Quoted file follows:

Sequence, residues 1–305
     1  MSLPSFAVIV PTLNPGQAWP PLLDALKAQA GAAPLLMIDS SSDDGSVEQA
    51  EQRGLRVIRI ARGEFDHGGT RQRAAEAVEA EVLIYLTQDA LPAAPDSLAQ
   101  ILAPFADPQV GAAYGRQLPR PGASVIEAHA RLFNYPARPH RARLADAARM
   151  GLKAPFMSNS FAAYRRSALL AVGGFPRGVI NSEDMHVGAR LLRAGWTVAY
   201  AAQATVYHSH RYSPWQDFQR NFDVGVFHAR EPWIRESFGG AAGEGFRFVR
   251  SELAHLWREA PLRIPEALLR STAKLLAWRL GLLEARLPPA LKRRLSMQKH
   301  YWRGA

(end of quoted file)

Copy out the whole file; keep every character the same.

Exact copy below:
Sequence, residues 1–305
     1  MSLPSFAVIV PTLNPGQAWP PLLDALKAQA GAAPLLMIDS SSDDGSVEQA
    51  EQRGLRVIRI ARGEFDHGGT RQRAAEAVEA EVLIYLTQDA LPAAPDSLAQ
   101  ILAPFADPQV GAAYGRQLPR PGASVIEAHA RLFNYPARPH RARLADAARM
   151  GLKAPFMSNS FAAYRRSALL AVGGFPRGVI NSEDMHVGAR LLRAGWTVAY
   201  AAQATVYHSH RYSPWQDFQR NFDVGVFHAR EPWIRESFGG AAGEGFRFVR
   251  SELAHLWREA PLRIPEALLR STAKLLAWRL GLLEARLPPA LKRRLSMQKH
   301  YWRGA